>> for example) and others have been proposed (for instance
>> draft-ietf-ecrit-local-emergency-rph-namespace). If you are suggesting
>> that specific networks may be using purely "private" RPH namespaces
>> that have never been subject to IETF review, that may well be true in
>> practice, but I don't think it should be introduced into IETF
>> documents- especially ones that are not primarily about RPH.
>>
>> Janet
>>
>> This is a PRIVATE message. If you are not the intended recipient,
>> please delete without copying and kindly advise us by e-mail of the
>> mistake in delivery.
>> NOTE: Regardless of content, this e-mail shall not operate to bind CSC
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>> e-mail for such purpose.
>>
>>
>>
>> From:
>> 	
>> ken carlberg <carlberg@g11.org.uk <mailto:carlberg@g11.org.uk>>
>> To:
>> 	
>> sip-overload@ietf.org <mailto:sip-overload@ietf.org>
>> Date:
>> 	
>> 04/17/2011 03:38 PM
>> Subject:
>> 	
>> [sip-overload] draft-ietf-soc-overload-design-05
>>
>> ------------------------------------------------------------------------
>>
>>
>>
>>
>> Hello,
>>
>> in following up on the discussion point I brought up at the
>> Prague-IETF meeting concerning RPH related text, I've added some
>> suggested text to section 12 ofdraft-ietf-soc-overload-design-05. The
>> suggested text is bound by the following tags:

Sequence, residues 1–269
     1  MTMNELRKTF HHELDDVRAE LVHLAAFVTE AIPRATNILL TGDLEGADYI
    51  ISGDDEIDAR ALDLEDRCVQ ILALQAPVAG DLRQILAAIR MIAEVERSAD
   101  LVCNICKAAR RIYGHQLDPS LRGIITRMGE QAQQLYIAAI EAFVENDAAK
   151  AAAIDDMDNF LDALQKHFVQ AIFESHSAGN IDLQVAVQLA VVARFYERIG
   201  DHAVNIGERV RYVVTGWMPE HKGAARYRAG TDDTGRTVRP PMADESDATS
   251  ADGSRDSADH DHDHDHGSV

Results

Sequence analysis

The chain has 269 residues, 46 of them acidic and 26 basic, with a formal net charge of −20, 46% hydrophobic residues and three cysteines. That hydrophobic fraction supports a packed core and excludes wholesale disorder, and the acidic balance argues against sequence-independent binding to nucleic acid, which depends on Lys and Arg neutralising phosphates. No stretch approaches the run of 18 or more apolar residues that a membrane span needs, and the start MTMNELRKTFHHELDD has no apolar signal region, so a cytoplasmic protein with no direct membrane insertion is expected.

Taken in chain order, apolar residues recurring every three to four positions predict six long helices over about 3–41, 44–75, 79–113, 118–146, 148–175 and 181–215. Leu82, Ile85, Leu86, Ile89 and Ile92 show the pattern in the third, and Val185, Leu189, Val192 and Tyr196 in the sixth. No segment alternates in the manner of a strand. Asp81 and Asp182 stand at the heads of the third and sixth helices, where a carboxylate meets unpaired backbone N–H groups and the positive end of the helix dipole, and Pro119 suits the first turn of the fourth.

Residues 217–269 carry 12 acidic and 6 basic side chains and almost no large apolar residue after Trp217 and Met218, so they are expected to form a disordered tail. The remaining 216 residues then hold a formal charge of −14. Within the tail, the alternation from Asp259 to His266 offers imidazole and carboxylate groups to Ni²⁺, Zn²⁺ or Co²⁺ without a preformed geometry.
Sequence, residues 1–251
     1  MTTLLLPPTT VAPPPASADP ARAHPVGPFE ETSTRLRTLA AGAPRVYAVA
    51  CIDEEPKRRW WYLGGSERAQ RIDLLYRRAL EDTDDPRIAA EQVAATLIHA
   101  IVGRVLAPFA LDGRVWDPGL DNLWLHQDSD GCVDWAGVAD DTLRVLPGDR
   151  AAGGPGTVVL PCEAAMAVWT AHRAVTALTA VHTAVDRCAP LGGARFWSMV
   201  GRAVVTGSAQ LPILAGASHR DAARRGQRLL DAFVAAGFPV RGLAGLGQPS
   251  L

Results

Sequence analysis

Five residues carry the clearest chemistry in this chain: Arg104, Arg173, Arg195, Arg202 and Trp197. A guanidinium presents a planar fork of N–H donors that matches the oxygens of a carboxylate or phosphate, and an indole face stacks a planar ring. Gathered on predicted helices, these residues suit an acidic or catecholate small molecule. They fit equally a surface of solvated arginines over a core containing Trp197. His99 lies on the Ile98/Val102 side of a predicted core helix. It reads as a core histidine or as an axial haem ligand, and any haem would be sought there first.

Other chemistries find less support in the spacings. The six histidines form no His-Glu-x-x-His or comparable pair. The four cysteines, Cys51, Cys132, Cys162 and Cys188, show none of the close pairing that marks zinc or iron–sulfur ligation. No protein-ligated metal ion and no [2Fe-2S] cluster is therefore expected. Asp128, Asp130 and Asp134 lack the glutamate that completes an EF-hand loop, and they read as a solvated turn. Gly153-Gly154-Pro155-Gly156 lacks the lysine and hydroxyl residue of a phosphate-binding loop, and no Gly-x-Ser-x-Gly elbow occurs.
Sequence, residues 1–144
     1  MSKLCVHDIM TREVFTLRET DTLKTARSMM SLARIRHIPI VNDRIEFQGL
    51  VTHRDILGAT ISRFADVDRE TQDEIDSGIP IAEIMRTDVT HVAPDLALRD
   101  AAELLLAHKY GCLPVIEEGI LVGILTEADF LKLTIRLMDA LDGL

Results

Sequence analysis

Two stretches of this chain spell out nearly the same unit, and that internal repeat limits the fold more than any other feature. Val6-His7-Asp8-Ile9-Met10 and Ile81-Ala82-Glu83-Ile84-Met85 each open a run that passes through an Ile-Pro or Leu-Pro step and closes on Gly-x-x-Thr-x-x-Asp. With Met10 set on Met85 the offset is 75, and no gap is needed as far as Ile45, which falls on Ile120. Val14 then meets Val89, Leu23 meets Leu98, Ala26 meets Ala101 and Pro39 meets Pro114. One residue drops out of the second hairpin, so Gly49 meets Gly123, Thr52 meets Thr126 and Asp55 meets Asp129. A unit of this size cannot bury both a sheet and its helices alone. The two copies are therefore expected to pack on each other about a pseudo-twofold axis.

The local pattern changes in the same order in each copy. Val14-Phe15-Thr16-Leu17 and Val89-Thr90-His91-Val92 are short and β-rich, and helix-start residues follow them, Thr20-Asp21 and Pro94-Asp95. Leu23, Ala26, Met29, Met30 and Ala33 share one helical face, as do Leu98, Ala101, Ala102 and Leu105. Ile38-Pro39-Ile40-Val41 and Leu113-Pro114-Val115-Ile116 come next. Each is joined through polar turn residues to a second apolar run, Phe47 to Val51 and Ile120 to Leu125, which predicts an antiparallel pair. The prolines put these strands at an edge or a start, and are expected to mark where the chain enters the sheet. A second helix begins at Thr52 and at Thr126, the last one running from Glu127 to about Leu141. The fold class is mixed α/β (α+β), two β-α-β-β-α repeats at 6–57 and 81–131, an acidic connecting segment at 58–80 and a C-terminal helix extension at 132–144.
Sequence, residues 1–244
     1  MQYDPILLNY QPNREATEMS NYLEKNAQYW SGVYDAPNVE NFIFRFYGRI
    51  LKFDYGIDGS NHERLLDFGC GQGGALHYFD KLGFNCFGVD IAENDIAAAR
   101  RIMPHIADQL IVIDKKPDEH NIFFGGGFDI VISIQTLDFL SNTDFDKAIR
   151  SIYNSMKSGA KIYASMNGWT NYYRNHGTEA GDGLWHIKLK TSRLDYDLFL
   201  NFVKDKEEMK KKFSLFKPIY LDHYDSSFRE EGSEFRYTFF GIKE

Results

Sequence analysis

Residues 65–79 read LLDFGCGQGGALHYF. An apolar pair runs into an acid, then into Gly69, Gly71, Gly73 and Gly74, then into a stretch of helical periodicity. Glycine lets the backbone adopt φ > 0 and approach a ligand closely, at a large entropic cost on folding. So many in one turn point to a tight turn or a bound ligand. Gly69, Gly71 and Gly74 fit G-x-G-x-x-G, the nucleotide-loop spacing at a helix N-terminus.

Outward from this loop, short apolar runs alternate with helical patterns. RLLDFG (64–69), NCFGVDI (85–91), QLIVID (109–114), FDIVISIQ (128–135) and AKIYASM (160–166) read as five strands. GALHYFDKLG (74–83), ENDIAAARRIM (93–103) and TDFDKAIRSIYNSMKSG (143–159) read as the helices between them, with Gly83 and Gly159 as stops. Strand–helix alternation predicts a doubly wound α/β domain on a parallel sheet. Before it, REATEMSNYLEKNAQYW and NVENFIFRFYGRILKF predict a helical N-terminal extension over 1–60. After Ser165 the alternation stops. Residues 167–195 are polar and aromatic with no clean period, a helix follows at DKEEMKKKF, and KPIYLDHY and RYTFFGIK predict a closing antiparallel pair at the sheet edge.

>> <insert text>
>> </insert text>
>>
>> The purpose of the new text is to present a more complete picture and
>> point out aspects that others following this effort should be aware
>> of. I've kept the rest of the original text for that section as is
>> (ie, I did not remove any original text). I've also sent the suggested
>> text to Martin and James for a sanity check before posting to the list.
>>
>> cheers,
>>
>> -ken
>>
>>
>> 12. Message Prioritization
>>
>> Overload control can require a SIP server to prioritize requests and
>> select requests to be rejected or redirected. The selection is
>> largely a matter of local policy of the SIP server, the overall
>> network, and the services it provides. As a general rule, SIP server
>> should prioritize requests for ongoing dialogs over requests that set
>> up a new dialog. Targeting requests for ongoing dialogs may prevent
>> users from modifying or terminating an ongoing dialog.
>>
>> While there are many factors which can affect the prioritization of
>> SIP requests, the Resource-Priority header field [RFC4412] is a prime
>> candidate for marking the prioritization of SIP requests. Depending